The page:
Yet another case involves Ferguson and fellow officer McLaughlin. During a traffic stop the officers were accused of inappropriately searching a vehicle, inappropriately towing that vehicle, and threatening “to have other officers falsely pin a murder charge on (the accused) when he initially indicated that he wanted an attorney.” That threat coerced the accused into making a confession, per the court documents. There is no evidence that Ferguson was disciplined for any of these offenses.
Attorneys involved in these dispensary cases knew that there was something amiss all along. Thomas Loeb, one of nine attorneys hired to represent the Clinical Relief defendants, said, “I think Oakland County is trying to make a political point and they are doing it in the wrong way.”
The shipping yard involved in the Payan case is all-too familiar to medical marijuana advocates. It is this location where Ferguson in 2011 trapped Dryden dispensary operator Randy Crowell and a female associate when they came to pick up a container sent from out-of-state. According to the Free Press report, the same employee clued Ferguson in on both the Payan and Crowell raids. It is reasonable to assume Ferguson used the same dirty tricks to trap Crowell that he used with Payan. A lawsuit against the Oakland County Sheriff Department seems likely- and the unfortunate taxpayers of Oakland County will be footing the bill.
“Everything he did is now going to be subject to scrutiny, and at great administrative costs,” said constitutional law professor Peter Henning from Wayne State University to the Free Press, in reference to Ferguson. “Sure, getting a warrant is a hassle, it slows down police work, but you don’t cut corners. It’s one of the reasons we had a revolution. It is at the core of the Constitution.”
The Oakland County dispensary purge in 2010 raises questions of conduct and credibility regarding the raid team’s methodology. All charges against the Clinical Relief dispensary operators were dropped in 2012. The court documents detailing the undercover surveillance and surreptitious buys generated broad criticism in the media and the courts. Sheriff Bouchard held a press conference in which he told the world about an alligator being used to guard a medical marijuana grow room; the alligator, named Chubbs, was later revealed to be about eighteen inches long and living in a room separate from the plants. The fake medical marijuana cards and alligator story became news fodder for ABC, CBS, NBC and every cable/Internet news outlet.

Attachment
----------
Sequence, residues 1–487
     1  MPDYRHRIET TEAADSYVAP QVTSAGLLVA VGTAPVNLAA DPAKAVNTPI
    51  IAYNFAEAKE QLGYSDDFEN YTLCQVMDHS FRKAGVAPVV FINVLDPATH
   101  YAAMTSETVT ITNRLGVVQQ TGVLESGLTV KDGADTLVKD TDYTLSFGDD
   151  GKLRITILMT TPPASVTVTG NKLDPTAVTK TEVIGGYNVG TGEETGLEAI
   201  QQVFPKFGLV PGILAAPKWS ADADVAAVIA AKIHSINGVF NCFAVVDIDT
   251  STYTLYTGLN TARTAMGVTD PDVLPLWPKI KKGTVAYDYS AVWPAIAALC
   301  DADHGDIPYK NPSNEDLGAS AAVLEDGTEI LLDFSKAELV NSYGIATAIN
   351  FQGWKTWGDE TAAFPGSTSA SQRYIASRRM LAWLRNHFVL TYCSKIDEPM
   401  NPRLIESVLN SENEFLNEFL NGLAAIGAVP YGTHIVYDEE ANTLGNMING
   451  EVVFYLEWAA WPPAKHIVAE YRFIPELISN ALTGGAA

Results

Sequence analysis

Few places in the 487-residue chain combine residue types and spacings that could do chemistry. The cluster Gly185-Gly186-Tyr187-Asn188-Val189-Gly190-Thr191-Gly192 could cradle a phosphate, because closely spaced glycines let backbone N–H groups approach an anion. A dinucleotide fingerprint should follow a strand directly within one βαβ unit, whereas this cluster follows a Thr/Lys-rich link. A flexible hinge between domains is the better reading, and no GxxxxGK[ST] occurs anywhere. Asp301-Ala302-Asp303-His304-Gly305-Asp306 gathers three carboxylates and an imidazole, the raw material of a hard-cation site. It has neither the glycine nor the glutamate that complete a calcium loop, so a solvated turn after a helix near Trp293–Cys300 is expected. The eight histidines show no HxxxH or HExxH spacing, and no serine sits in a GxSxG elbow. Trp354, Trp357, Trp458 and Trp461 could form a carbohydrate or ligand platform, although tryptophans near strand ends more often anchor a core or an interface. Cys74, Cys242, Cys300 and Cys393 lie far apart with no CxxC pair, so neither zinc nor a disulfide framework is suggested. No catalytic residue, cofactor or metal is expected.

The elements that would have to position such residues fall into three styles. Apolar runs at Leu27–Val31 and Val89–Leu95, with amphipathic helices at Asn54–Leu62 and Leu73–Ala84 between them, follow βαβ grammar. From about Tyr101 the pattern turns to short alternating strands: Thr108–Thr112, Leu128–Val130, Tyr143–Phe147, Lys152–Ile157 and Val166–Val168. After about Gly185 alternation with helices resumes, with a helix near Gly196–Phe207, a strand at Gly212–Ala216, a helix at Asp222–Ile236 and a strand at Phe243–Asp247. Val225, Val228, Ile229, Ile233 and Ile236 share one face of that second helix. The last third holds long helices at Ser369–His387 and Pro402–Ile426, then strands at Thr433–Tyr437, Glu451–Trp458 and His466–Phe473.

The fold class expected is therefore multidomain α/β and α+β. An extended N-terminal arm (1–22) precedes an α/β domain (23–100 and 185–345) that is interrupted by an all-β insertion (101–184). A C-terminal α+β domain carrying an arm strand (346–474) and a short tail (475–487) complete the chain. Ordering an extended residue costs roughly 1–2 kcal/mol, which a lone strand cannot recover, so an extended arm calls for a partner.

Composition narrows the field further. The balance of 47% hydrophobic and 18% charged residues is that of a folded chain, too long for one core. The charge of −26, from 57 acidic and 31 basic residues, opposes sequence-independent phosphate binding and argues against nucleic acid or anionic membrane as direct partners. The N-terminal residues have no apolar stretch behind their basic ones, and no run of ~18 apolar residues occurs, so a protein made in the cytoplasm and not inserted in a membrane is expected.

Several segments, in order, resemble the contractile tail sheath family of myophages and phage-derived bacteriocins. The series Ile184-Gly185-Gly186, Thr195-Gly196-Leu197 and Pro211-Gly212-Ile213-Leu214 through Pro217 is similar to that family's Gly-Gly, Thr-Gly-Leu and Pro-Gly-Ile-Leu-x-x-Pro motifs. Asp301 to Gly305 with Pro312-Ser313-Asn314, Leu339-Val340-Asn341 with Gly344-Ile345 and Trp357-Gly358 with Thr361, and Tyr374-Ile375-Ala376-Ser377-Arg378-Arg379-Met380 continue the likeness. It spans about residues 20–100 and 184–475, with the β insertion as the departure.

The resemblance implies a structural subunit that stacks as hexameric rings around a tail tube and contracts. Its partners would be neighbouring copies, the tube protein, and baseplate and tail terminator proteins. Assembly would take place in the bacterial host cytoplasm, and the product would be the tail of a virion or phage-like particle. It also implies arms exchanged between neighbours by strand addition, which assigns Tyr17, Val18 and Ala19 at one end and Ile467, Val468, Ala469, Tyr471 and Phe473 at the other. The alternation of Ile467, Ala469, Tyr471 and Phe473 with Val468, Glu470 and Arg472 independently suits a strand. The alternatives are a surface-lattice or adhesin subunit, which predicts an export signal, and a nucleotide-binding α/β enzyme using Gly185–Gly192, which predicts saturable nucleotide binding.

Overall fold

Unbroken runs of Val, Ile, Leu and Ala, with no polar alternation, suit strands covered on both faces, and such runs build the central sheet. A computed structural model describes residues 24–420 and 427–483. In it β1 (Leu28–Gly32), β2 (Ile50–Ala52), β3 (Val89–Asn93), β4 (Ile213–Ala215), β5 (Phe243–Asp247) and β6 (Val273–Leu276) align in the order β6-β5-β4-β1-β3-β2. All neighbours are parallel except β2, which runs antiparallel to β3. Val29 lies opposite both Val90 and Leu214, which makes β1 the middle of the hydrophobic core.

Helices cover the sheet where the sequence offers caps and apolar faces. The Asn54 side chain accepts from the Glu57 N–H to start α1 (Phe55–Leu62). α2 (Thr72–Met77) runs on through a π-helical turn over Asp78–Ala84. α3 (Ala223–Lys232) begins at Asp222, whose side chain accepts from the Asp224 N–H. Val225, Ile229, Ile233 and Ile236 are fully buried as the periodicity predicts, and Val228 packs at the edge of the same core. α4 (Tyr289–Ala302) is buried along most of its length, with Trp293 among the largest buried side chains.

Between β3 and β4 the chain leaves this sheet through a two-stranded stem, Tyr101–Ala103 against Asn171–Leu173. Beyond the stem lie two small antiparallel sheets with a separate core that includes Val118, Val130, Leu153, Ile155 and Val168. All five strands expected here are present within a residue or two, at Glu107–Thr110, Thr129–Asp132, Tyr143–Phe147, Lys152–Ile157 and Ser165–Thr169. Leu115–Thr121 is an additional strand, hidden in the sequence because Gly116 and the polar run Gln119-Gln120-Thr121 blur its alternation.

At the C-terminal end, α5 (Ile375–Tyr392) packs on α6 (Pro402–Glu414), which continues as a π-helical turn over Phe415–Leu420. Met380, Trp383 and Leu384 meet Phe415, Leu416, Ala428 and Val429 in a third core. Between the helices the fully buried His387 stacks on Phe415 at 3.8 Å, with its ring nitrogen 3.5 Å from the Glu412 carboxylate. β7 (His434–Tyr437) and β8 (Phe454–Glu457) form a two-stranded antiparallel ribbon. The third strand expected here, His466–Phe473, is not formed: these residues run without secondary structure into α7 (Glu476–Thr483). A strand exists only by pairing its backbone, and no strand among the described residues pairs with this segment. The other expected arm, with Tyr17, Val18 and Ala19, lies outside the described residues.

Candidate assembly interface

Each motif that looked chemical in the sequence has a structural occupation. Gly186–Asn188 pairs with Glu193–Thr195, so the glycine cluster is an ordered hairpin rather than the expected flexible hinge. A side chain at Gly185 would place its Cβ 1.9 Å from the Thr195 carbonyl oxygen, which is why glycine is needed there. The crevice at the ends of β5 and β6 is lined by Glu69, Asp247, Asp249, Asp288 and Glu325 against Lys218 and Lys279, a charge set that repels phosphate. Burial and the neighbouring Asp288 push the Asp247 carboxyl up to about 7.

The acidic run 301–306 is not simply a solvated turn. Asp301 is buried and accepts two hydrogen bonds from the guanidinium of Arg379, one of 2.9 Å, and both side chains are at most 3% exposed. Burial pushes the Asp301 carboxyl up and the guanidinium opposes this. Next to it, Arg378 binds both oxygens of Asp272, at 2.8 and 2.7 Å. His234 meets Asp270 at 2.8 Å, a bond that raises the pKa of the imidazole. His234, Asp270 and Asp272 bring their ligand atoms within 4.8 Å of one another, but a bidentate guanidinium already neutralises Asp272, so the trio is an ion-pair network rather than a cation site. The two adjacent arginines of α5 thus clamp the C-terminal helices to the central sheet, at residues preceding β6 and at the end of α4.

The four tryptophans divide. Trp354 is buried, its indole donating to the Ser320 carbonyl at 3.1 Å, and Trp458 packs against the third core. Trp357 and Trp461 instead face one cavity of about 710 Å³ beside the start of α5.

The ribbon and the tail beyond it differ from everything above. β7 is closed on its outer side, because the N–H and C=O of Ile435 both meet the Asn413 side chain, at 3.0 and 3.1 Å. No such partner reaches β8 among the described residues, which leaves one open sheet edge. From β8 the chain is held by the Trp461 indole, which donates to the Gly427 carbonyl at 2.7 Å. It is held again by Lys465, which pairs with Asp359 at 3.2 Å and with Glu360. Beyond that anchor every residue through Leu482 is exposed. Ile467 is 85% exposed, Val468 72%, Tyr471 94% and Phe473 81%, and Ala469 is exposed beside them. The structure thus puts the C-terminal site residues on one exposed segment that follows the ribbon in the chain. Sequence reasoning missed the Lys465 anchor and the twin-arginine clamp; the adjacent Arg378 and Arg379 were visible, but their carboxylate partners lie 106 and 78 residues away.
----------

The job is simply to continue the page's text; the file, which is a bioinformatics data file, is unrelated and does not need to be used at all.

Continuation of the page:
When the NET team raided Big Daddy’s they did not know who was in charge, who were employees and who were patients. They did not even know we ran the Michigan Medical Marijuana Magazine from those offices. They swore out a search warrant for the home of the business owners- and then served it at the wrong house.
This Keystone Cops routine may not have been their fault. In January 2011, a new Attorney General was sworn in and he immediately agreed to share private and protected information with the DEA, information that his predecessor Mike Cox had refused to surrender. In response, the Michigan Association of Compassion Centers (MACC) hit the AG with a restraining order to halt the transfer of information. A few days later the Oakland County Raid Team was bursting into the offices of MACC- located in Big Daddy’s Oak Park facility, after what was obviously insufficient surveillance and investigation. The suggestion that the raid was ordered by Ferguson’s superiors- perhaps even from Lansing- has never been disproved, and these new revelations make it more likely that this was the case. Perhaps this is the real reason why Ferguson faces no criminal charges- is this final act of protectionism from Bouchard a desperate bid to buy his silence?
It’s not a crime to be used as a tool by people like Bouchard and the current Attorney General; it is a crime if you break the law to enforce the law. Convicted felons whose cases were made by Ferguson and the NET team are legitimately interested in suing the County and having their cases re-opened. Oakland County residents, prepare yourself for a long, expensive, embarrassing battle. I suggest you insist on your newly re-elected Sheriff to actually stand before a microphone and address you on the issue instead of watching Undersheriff McCabe do the denial dance.